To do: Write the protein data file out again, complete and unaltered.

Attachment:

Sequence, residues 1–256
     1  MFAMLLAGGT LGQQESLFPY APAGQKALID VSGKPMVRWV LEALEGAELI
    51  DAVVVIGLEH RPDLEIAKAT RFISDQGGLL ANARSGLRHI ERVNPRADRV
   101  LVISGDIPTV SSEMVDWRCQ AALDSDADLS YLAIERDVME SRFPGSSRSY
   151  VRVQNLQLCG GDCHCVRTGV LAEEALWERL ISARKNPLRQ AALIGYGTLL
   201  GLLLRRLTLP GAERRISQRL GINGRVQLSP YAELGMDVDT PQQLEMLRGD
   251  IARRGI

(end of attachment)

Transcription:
Sequence, residues 1–256
     1  MFAMLLAGGT LGQQESLFPY APAGQKALID VSGKPMVRWV LEALEGAELI
    51  DAVVVIGLEH RPDLEIAKAT RFISDQGGLL ANARSGLRHI ERVNPRADRV
   101  LVISGDIPTV SSEMVDWRCQ AALDSDADLS YLAIERDVME SRFPGSSRSY
   151  VRVQNLQLCG GDCHCVRTGV LAEEALWERL ISARKNPLRQ AALIGYGTLL
   201  GLLLRRLTLP GAERRISQRL GINGRVQLSP YAELGMDVDT PQQLEMLRGD
   251  IARRGI